"Chapter One: He adored New York City."
As images and reports rolled in from Hurricane Sandy's destructive tour through the Big Apple I thought of my East Coast friends and family affected by the storm, and of Manhattan, Woody Allen's great cinematic ode to the city — his city: Tough, romantic, and everything in between.
All those terrifying images of flooded streets and New York at an unimaginable standstill reminded me of happier times, by way of the magical moments the movies have seared into my consciousness over the years. This photo for example, taken Monday near the 59th Street Bridge as Sandy approached New York, depicted surging waters looming near where Allen and Diane Keaton shot Manhattan's iconic bridge scene — one of the most beautiful, dreamy moments of New York there is.
The New York that was beaten up, wind-whipped, and deluged over the past few days is a scary, unrecognizable New York. But the spirit of New York (and New Jersey, not to mention other affected cities and states along the East Coast) endures as folks begin rebuilding. I go back to the New York — romanticized, yes, but alive and bustling the way that NYC should be and will be again — of Manhattan's opening scene, which flashes through the city as Allen's voice-over and George Gershwin's "Rhapsody in Blue" bring it to life.
Even if only brief respites from the reality of what folks have to deal with out there, the movies can remind us of what makes life worth living; feel free to add your own indelible NYC movies and moments below. Meanwhile, NYC Movieliners Brian Brooks, Frank DiGiacomo, and Alison Willmore are powering through the insanity, as you'll see in the coming days. Send good vibes and warm thoughts their way.
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An advance screening of Paul Thomas Anderson's The Master brought out the glitterati to New York's Ziegfeld Theater on Tuesday night. Walking the red carpet before show time were cast member Amy Adams, actors Adrien Brody and Edward Norton, plus a few of our favorites from everyone’s latest HBO obsession, Girls.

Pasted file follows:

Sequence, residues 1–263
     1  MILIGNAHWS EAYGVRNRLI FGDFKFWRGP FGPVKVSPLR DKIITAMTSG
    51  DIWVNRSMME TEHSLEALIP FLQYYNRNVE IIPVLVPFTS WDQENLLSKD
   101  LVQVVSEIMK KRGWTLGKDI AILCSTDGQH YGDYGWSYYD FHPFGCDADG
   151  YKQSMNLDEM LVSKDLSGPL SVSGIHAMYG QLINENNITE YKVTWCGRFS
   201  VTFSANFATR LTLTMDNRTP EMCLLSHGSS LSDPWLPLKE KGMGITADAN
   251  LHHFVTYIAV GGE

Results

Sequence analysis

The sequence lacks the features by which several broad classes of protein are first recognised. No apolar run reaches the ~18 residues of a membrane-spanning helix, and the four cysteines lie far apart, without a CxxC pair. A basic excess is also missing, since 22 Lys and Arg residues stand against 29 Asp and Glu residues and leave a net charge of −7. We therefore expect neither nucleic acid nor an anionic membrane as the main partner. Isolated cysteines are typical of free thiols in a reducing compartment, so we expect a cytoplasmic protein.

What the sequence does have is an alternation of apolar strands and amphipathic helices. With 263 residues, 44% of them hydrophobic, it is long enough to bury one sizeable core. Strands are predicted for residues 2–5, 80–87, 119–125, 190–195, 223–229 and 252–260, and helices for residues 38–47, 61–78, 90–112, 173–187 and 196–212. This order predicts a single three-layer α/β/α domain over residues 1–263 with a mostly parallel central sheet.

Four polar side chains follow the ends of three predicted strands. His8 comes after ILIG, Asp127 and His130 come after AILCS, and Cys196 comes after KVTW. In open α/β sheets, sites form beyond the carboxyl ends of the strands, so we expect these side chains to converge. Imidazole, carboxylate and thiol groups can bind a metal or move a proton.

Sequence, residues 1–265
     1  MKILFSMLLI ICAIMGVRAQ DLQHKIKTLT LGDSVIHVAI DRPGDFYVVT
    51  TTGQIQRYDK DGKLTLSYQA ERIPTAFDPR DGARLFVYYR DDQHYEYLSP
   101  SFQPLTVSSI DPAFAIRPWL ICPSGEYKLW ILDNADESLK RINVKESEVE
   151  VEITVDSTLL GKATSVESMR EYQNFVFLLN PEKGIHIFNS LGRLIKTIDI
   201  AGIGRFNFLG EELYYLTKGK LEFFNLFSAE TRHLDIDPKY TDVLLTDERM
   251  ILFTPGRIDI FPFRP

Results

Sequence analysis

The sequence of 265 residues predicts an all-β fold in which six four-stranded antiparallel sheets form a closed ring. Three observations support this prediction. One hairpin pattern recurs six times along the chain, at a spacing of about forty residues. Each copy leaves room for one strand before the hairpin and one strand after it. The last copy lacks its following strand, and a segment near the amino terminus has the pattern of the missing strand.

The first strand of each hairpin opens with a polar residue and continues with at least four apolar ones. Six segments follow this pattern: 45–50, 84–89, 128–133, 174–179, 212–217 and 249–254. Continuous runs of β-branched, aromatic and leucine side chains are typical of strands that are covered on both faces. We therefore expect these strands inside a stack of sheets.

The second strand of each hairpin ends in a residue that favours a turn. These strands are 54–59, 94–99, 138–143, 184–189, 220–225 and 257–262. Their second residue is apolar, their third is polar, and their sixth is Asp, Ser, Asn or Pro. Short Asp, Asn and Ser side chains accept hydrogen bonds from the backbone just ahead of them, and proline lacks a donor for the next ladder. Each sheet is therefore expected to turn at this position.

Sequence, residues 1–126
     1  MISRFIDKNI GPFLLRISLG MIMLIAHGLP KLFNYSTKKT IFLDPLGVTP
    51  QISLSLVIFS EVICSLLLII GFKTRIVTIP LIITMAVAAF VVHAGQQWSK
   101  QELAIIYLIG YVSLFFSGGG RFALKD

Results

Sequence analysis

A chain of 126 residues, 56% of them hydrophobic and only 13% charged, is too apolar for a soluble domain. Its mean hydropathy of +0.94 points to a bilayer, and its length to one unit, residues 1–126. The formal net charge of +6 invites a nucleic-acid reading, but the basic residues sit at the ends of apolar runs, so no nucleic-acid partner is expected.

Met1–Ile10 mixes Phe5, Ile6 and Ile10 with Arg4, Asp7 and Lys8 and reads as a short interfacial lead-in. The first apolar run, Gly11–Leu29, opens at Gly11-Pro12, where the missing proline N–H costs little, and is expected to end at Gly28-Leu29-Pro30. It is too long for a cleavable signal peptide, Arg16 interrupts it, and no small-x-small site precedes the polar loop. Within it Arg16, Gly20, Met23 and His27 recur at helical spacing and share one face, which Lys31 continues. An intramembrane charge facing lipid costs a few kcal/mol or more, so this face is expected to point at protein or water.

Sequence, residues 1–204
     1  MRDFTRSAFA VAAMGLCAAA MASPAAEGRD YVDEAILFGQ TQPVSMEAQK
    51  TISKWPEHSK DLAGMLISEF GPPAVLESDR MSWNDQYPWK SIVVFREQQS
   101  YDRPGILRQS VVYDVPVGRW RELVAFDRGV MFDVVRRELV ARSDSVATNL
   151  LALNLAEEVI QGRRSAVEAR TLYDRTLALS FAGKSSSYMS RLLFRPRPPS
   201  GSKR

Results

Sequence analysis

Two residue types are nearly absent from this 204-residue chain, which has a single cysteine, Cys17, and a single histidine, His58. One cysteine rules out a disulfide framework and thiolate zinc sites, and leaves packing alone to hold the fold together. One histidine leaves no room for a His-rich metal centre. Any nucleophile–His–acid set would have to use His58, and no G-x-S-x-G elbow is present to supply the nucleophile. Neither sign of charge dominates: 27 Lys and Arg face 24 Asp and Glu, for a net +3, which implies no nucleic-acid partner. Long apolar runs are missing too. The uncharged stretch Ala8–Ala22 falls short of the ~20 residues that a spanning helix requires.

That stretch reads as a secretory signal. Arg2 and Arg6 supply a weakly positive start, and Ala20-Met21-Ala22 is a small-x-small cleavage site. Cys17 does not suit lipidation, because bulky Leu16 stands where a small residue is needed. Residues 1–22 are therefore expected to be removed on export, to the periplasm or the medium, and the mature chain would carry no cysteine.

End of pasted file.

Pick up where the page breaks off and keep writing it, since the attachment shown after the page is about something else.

During the frenzied step-and-repeat, reporters referenced the film's story — which involves an L. Ron Hubbard-like cult founder — to pose questions about Scientology. This didn't exactly go over well, and a lot of those questions went unanswered. Given the film's title, Movieline decided to let our interview subjects be the, um, masters of their own domains and asked them a single question: if you were going to start a cult, what would be its core idea or principle? more »
Jessica Biel likes to play her action heroes with a touch of femininity. Movieline pal Grace Randolph hit a special New York screening of Total Recall on Thursday night and chatted with the actress on the red carpet. Biel plays the resistance fighter Melina and asked what quality she likes to bring to her action roles, tells Randolph that she aims to portray a character "who feels like a real woman," not "someone who's so tough that you can relate to [her] but someone who is feminine and has an emotional arc as well as a physical arc. more »
Maybe filming background scenes at Zuccotti Park wasn't a great idea after all, or perhaps it was never really going to happen, but still: EW reports that Christopher Nolan's The Dark Knight Rises, which shoots this month in New York City, will not be using the Occupy Wall Street movement as a backdrop for one-percenter hero Bruce Wayne's latest shenanigans, despite speculations to the contrary. Probably a good idea, especially after the Occupy movement turned Oakland, CA into something resembling a war zone last night, tear gas and all. [EW]